So I was glad when I noticed that Wheat and Tares had produced this respectful response from Andrew S to make up for the bad link. And, just as I would have expected of Andrew S, he actually understood and acknowledged that J Max’s post seemed to be primarily about deception and therefore had a point worthy of consideration.
I avoid some of his criticisms and fears. As a cultural Mormon, I don’t necessary want to give the impression that I’m a believer (especially if I know I don’t believe in the way people will interpret a belief statement in.) As a result of the former, as a cultural Mormon, I wouldn’t want to “infiltrate” areas of the religion that are predicated on belief (being a Bishop or some other calling like that, attending the temple, and so on). Nevertheless, it is true that I wouldn’t be a “seeker.”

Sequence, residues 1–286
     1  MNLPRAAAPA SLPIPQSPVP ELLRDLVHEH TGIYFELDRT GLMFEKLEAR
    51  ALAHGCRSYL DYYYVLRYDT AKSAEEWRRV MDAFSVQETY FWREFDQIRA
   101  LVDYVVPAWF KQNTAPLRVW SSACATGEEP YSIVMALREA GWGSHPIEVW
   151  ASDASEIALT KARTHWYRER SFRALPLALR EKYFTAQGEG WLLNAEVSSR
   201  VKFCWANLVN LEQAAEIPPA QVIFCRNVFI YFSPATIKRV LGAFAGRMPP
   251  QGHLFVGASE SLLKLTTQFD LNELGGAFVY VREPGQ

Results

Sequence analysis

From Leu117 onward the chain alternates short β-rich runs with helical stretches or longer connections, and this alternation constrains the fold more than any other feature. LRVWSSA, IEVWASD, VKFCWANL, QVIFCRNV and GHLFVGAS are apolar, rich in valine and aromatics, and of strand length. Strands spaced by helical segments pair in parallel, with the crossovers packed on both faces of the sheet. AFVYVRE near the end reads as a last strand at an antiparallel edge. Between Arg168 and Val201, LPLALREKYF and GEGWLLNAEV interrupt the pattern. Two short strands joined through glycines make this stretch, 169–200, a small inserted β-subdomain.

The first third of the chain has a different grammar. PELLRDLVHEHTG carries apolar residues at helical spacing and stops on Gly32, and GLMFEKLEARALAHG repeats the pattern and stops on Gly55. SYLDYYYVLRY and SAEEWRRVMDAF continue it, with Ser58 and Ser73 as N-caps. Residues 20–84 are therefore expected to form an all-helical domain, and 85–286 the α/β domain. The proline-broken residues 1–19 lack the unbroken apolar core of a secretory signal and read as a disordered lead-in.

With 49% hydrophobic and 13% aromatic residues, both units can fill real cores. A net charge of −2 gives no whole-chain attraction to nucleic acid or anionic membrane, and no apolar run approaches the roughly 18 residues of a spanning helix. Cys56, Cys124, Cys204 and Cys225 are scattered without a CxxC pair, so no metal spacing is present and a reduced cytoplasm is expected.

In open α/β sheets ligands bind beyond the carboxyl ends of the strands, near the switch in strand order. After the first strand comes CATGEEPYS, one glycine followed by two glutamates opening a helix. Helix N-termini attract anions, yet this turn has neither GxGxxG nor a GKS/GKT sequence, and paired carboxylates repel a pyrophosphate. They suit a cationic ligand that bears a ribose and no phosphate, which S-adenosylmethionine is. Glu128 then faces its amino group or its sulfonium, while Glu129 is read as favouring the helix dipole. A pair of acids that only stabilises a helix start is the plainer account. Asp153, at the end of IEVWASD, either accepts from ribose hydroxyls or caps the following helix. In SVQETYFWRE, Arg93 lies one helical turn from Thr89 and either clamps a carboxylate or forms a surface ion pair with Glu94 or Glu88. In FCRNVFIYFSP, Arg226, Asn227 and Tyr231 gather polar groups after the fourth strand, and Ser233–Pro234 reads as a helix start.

Now I can’t speak for J Max here. Maybe he is uncomfortable with a ‘Cultural LDS’ openly participating with Believing LDS members. But I am not. (And I doubt J Max is either.) In fact, I want Cultural LDS to participate as far as they are comfortable and wish to – so long as they don’t try to ruin it for the Believers that is.
And this is where my own concerns lie. I don’t really care if this is called Phariseeism or not. I don’t care if the analogy is apt or not. I don’t even care if we call it hypocrisy or not. And personally, I don’t care if you do or don’t believe.